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By Robert C. Morgan

This was my first occasion to experience the work of the Korean artist Park Chan-Kyong (born 1965) who some consider a leading artist as well as a controversial figure. I had heard about Park largely through unofficial reports emanating from Seoul that the previous Korean President (and daughter of the former military dictator Park Chung-Hee) had blacklisted the artist’s work. But since her impeachment in 2017, a more enlightened leadership has been installed and the situation has become less tense, not only for Park, but for artists in general.

But this is never entirely true. What media transmits is not exactly concurrent with what artists wish to communicate. There are often underlying truths that are left out of the picture. On one level, the major issue from a mediated perspective tends to focus on the shift of events between the Republic of Korea in the south and the People's Republic of Korea in the north. Even so, Park is keenly aware that the story between north and south is being told in a way that conforms to the powerful engines that delimit references to past history and culture. This is a major focus that Park learned from the semi-radical Minjung movement that preceded him in the Korean art world and which he still attempts to reconcile in his own work today.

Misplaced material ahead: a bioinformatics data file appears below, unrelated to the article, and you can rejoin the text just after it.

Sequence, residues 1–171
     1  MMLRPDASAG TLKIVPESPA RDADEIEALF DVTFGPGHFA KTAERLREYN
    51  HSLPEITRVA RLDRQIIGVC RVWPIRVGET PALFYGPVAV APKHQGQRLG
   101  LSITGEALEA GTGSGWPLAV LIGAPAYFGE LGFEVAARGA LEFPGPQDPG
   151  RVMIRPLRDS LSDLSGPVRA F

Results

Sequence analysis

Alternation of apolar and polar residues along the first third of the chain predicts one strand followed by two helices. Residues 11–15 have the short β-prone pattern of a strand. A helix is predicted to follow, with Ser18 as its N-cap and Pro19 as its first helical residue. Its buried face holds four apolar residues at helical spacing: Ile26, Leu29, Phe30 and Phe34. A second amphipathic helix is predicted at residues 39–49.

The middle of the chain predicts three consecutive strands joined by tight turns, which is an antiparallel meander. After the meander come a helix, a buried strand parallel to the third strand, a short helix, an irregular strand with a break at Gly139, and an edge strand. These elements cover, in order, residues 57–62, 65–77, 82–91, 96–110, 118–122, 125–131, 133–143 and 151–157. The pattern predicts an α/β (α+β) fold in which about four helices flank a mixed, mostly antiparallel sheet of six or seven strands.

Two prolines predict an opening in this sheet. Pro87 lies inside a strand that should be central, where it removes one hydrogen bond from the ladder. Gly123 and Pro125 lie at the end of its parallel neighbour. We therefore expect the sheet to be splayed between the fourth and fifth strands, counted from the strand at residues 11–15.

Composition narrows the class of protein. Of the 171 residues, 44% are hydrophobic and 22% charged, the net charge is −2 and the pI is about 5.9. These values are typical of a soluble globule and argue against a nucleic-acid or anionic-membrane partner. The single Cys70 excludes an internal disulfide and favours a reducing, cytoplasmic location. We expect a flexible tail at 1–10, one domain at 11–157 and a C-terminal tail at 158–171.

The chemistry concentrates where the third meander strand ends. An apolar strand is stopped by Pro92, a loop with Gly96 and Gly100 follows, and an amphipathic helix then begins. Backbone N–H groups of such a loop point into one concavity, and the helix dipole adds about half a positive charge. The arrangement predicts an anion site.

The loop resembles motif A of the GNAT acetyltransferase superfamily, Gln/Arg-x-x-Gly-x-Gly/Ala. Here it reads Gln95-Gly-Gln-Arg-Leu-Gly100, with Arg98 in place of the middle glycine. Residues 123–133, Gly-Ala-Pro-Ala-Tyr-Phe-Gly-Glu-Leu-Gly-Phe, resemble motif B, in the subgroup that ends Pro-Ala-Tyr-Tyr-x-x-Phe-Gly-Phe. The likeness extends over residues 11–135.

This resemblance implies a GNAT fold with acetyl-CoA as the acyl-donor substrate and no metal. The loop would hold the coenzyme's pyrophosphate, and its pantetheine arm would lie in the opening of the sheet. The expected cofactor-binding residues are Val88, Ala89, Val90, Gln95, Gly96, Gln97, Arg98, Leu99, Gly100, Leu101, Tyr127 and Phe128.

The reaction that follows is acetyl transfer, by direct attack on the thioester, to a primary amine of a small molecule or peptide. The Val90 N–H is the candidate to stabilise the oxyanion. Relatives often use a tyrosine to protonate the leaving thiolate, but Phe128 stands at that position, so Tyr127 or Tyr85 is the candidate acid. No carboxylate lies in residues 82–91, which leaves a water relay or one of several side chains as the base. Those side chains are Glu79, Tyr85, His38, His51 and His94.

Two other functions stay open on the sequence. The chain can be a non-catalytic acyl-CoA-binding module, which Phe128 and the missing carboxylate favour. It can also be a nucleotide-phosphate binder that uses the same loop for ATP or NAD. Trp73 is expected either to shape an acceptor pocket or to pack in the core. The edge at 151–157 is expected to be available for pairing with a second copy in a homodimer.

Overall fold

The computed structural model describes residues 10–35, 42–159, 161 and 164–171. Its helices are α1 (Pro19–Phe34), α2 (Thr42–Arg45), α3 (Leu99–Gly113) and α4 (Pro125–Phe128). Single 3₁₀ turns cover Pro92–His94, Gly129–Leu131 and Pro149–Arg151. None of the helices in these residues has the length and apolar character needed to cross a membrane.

South Korea is a relatively small country where news travels fast through daily exchanges between ordinary people, which some would say is competitive in speed to the Internet. Park is deeply involved in the traditions and political history of his homeland. This is reflected in his research and in the manner he brings recent  history into a comprehensive living mythology represented in his photographs and highly creative video films. One of these films is Citizen’s Forest, which is also the title of his current exhibition. In fact, this is an actual place in Seoul set aside for recreational use, which from a Korean point of view is given primarily to hiking.

The presence of wilderness nature connected within an urban environment is an important asset in everyday life, a tradition that goes back to the beginning of the practice of shamanism five thousand years ago. Throughout Korean history, long before the first dynasties were established in the first century AD, the practice of Shamanism has been indigenous to the Korean way of life. Park attributes much of what he knows regarding this practice to his way of thinking as an artist. This is the non-ideological substratum we see in his remarkable three-channel video installation, Citizen’s Forest (2016)...